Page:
00:40:41   So if you're gonna launch a new product category,

00:40:43   what better time to do it than when the intention

00:40:45   of the entire world is on you?

00:40:46   So for those reasons, I think it's the perfect place.

00:40:50   - Yeah, but I take a little bit of problem with that.

00:40:55   Every time Apple does an event--

00:40:57   - That was the most polite way to disagree I've ever heard.

00:41:00   - Yeah. - Little problem with that.

00:41:01   - A little problem with that. - Let me have it, let me have it.

00:41:04   - Mr. Snell, Mr. Snell. (laughs)

00:41:07   Apple has the world's attention

00:41:09   at any time they step on stage.

00:41:11   So why share the stage with the iPhone?

00:41:15   - They have some attention, right?

00:41:17   but I feel like this is the big one though.

00:41:21   They get the most attention.

00:41:22   I mean, by a surprising factor,

00:41:25   I can just tell you from our traffic perspective,

00:41:29   the interest in this, this is also the event

00:41:30   where everybody's like, what's gonna go on the new iPhone,

00:41:32   what's the deal with the new iPhone?

00:41:33   And so, no, they don't have to do it now.

00:41:36   They could do it in January.

00:41:37   If it's not gonna ship until next year,

00:41:39   they could probably do that.

00:41:40   But then I will refer you to my previous statement,

00:41:44   which also fits in the ecosystem.

00:41:46   I feel like this is not a story on its own, it's a story with the iPhone.

00:41:50   And assuming they want to put it in production and then know the hardware is going to leak,

00:41:54   because the reason we haven't seen leaks about this is because it's not in the supply chain

00:41:57   yet.

00:41:58   Because Apple and most hardware companies leak from their supply chain, there's just

00:42:03   too many people involved in making too many parts.

00:42:05   But right now it's inside Cupertino where there are very few leaks.

00:42:10   So this is, you know, they would need to announce it like this month or next month at one of

00:42:14   presumably there'll be a second event like there usually is in October for an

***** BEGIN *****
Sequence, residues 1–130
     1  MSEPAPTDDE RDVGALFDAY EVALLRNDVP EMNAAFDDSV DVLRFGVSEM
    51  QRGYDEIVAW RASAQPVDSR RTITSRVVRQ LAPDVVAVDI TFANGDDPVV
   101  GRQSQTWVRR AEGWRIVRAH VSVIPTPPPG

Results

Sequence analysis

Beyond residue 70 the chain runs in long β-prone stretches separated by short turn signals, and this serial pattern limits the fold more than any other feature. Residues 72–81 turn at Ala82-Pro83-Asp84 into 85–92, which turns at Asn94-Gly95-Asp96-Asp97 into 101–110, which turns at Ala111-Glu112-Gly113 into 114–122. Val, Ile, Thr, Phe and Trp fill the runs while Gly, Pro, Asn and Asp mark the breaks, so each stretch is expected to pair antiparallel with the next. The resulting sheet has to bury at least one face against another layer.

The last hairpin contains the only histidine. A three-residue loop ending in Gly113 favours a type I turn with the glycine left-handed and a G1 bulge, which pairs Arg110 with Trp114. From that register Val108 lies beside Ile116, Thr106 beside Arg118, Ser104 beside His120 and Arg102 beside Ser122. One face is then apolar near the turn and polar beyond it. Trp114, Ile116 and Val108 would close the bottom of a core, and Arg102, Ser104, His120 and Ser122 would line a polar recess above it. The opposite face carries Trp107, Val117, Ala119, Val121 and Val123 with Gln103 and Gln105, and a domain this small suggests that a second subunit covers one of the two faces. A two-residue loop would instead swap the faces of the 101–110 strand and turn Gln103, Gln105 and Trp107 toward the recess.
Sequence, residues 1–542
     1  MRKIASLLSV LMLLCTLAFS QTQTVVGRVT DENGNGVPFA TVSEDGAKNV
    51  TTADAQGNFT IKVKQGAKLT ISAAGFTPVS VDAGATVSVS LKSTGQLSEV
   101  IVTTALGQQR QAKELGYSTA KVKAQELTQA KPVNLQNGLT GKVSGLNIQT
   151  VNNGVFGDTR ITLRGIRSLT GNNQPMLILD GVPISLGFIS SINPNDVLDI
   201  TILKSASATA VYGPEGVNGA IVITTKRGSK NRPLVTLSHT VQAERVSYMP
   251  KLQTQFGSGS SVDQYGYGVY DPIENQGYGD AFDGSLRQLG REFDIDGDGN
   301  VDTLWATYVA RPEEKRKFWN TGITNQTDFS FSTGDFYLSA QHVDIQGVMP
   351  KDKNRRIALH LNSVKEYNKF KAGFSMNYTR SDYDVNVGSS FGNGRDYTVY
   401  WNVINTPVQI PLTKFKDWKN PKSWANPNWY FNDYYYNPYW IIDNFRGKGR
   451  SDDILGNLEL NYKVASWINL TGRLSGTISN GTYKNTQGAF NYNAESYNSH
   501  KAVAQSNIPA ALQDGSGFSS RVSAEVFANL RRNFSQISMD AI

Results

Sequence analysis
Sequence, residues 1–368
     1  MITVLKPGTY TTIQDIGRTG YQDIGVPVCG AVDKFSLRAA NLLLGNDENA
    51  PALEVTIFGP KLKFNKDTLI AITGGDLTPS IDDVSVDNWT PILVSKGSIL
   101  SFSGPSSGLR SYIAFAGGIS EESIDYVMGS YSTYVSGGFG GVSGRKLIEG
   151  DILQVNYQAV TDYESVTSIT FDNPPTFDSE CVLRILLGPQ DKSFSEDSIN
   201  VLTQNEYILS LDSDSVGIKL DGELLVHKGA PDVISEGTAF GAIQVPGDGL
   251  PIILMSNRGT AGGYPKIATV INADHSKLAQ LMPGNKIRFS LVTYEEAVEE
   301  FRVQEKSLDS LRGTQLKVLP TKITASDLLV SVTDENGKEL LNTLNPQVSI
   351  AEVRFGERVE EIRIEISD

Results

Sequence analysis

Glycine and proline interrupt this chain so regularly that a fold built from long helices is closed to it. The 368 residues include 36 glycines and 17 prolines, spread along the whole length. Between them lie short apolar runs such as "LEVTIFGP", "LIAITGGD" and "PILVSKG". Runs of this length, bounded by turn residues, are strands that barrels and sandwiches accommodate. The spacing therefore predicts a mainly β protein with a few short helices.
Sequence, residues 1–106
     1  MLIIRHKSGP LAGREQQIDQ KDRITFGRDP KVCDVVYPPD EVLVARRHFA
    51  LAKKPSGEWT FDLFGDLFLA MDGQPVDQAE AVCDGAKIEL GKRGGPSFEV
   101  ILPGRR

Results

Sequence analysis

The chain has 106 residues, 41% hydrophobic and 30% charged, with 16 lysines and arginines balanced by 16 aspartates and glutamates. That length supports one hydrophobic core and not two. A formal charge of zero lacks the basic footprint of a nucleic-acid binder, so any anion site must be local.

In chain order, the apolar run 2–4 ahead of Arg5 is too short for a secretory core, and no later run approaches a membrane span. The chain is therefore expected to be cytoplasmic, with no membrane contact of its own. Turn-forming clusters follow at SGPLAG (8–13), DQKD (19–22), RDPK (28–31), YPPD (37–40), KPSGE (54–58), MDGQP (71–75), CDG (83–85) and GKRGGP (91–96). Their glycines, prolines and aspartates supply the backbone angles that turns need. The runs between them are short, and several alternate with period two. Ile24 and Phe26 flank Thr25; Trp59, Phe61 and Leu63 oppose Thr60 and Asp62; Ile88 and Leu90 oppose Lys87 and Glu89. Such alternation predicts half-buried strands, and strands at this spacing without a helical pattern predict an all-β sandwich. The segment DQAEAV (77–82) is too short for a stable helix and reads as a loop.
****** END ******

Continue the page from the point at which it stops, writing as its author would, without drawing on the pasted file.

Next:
00:42:17   iPad launch. They got to do it now or it is gonna leak and it's really part of

00:42:23   the iPhone ecosystem so it seems to me like it's the best it's the best choice

00:42:27   for now would be to just tie it in because then they tell the story with

00:42:31   iOS 8 right it's gonna be about the health kit and the health app and iOS 8

00:42:34   and perhaps some other features on these new iPhones and then also this wearable

00:42:38   device is part of the story. Yeah that's that's the thing if it is together there

00:42:43   has to be that narrative.

00:42:44   Apple likes telling, stringing these things together

00:42:48   as a narrative.

00:42:50   We've done a lot of Apple keynote kind of recaps

00:42:55   on the show, and that's always something that's true.

00:42:57   With the iPod, we really love music.

00:42:59   And because we love music, we made something

00:43:01   that was portable and had good battery life

00:43:04   and was easy to use.

00:43:05   The iPhone, very famously, the three things,

00:43:10   the internet communicator, the phone, and the iPod.

00:43:12   and that thread was carried throughout.

00:43:15   So if it is health, I think it does make sense.

00:43:18   If it's not, if it's a hey, we have these two iPhones,

00:43:23   which they haven't done before, really.

00:43:26   I mean the 5C kinda counts,

00:43:27   but no one cares about the 5C.

00:43:29   And then this, it's just gonna be a busy Tuesday.

00:43:36   - It could be, yeah, it does feel overstuffed.

00:43:38   I don't know, I maybe think that they

00:43:42   want to do it this way too because this is a product we expect to be blown away and have